Despite the appalling weather upwards of 100 people joined éirígí’s No Royal Visit protest outside of City Hall in Baile Átha Cliath last evening [September 6]. The City Councillors meeting inside the building were left in no doubt as to the mood and determination of those gathered outside, as chants of ‘Can you hear us loud and clear – British royals not welcome here’ reverberated around the precincts of City Hall and the adjoining Dublin Castle.
The protest followed on from a similar one at the last meeting of Dublin City Council on July 5. Click here for more on that protest. Both protests were called to coincide with a scheduled debate by the City Councillors on a motion opposing a state visit by Elizabeth Windsor. Last night the council again failed to debate the motion due to an overrun of other items on the agenda, including the Poolbeg Incinerator debate.
The wording of the motion which has been submitted by éirígí’s Councillor Louise Minihan reads “That this council notes with deep concern the proposal for a state visit to the Twenty Six Counties by the British head of state. Such a visit would be entirely inappropriate whilst the British state continues to implement imperialist policies and commit human rights abuses across the world, most notably in Afghanistan, Iraq and here in Ireland. This council calls on the Dublin government to abandon its plans to invite the British head of state to Ireland and on behalf of the proud citizens of this city we declare that Elizabeth Windsor is not welcome in Dublin.”
The motion will now be debated at a specially convened ‘motions’ meeting on Monday September 20th which deal with all the motions which were not heard at last night’s meeting. Speaking following the protest Cathaoirleach éirígí Brian Leeson confirmed that éirígí will again be organising a protest outside of City Hall to coincide with the meeting.
“On behalf of éirígí I would like to thank everyone that turned out to the protest. Tonight’s event was larger than the one in July, despite the appalling weather. Indeed, so bad was the weather we actually ended the protest earlier than planned. That scores of people were willing to come out to stand in such heavy rain shows the level of public opposition that there is to a Windsor state visit.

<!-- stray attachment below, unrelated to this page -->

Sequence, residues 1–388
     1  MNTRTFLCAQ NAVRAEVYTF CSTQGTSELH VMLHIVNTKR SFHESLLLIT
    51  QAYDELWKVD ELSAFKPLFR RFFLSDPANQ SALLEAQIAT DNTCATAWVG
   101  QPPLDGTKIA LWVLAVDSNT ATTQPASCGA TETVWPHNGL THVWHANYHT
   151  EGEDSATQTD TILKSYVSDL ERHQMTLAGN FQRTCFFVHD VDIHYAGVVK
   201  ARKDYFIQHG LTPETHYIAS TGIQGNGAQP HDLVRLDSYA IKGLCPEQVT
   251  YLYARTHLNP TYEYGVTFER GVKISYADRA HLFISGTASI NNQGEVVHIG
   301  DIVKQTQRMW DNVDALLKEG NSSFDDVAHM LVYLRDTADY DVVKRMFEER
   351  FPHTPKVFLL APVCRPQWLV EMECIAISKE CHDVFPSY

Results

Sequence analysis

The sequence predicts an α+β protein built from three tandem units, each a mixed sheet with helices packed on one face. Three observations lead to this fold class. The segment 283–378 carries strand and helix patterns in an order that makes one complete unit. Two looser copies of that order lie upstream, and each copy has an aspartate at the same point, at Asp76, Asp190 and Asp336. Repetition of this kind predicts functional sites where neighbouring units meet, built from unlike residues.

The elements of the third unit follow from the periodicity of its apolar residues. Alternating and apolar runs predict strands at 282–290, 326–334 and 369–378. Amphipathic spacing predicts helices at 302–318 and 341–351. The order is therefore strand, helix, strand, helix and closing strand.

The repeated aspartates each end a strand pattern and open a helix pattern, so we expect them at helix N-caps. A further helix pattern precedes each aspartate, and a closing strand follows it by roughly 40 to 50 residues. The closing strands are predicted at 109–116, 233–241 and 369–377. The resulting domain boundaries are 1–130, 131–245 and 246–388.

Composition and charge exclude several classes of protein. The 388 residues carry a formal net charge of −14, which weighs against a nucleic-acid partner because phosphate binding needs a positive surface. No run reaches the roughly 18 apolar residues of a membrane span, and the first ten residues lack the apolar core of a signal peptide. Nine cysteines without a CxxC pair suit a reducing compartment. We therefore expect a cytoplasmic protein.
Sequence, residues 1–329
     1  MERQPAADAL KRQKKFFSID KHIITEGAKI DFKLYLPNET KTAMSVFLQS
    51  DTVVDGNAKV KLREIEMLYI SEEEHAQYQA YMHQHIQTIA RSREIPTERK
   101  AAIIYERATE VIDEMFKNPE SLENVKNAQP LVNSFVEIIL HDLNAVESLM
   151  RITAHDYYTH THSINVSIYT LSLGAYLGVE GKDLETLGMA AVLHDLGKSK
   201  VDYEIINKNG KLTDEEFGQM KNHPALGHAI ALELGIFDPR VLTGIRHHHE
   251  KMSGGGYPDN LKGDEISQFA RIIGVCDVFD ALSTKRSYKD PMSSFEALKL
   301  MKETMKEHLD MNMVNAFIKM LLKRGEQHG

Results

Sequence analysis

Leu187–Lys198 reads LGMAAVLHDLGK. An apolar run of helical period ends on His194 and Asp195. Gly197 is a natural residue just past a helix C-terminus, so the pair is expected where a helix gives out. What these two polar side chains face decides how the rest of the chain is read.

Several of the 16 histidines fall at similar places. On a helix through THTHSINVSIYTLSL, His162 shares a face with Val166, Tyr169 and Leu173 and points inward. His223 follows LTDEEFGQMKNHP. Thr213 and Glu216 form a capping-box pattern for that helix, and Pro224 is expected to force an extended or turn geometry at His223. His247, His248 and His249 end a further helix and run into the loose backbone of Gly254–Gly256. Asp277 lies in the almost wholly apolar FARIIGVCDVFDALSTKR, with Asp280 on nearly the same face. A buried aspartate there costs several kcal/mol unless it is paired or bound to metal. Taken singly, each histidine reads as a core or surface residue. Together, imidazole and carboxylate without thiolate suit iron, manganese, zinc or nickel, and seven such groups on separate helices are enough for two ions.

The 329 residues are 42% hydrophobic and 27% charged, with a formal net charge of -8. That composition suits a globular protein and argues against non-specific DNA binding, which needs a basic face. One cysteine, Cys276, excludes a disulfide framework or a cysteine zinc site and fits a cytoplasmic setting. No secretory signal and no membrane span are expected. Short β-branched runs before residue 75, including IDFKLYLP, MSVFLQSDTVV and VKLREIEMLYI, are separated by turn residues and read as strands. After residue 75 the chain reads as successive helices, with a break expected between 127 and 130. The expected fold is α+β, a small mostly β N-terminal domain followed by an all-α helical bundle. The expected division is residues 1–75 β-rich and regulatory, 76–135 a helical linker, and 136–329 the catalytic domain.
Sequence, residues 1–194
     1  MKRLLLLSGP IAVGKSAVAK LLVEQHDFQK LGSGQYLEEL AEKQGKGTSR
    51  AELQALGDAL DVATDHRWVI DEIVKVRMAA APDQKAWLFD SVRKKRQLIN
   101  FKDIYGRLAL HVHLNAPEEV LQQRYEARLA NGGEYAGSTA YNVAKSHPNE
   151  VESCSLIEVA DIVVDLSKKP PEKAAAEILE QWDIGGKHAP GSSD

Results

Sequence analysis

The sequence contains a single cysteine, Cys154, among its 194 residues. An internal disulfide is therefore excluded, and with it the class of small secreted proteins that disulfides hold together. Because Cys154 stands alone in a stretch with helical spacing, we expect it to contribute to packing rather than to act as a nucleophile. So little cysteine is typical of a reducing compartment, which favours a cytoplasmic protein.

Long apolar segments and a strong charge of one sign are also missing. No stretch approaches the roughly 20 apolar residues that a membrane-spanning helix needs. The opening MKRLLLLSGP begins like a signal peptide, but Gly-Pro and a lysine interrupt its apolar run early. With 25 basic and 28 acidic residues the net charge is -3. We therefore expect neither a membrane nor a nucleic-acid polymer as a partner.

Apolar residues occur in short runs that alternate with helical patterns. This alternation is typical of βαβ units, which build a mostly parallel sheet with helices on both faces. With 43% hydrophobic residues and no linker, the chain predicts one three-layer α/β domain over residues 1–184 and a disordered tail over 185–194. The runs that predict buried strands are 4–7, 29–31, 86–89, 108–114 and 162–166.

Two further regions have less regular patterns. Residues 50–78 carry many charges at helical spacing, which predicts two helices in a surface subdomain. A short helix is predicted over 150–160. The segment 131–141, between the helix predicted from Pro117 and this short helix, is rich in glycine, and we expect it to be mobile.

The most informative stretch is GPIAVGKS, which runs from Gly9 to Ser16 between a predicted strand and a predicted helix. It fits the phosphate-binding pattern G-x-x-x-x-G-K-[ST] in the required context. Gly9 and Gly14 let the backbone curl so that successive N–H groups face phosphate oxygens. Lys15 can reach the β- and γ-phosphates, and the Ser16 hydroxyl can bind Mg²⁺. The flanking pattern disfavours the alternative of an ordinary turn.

“On Saturday the people of Dublin and Ireland gave Tony Blair the welcome he rightly deserved, leading to the subsequent cancellation of his book signings in London. For those that doubt the value of such protests, Saturday proved that street politics can work and that protesters can achieve their objectives.
“We will be holding another public protest outside of City Hall when the anti-royal visit motion finally gets debated. I would ask everyone that has turned up to the last two occasions to make it their business to get to City Hall for that protest. And I would ask them to try and bring at least one other person with them. It is hugely important that these protests gather momentum.
“I have no doubt that a British royal visit can be stopped, but it will require people to get organised and get onto the streets. If you are opposed to the prospect of the head of Britain’s armed forces being paraded through the streets of Dublin and elsewhere, mark 6pm on September 20th in your diary and get to City Hall and make your voice heard.’
The next protest will take place at 6pm, Monday, September 20th at City Hall on Dublin’s Dame Street. All are welcome. Bígí linn.
If you are interested in joining or helping éirígí in Dublin, or anywhere in Ireland, please: Phone: 00353 (0) 86 236 72 98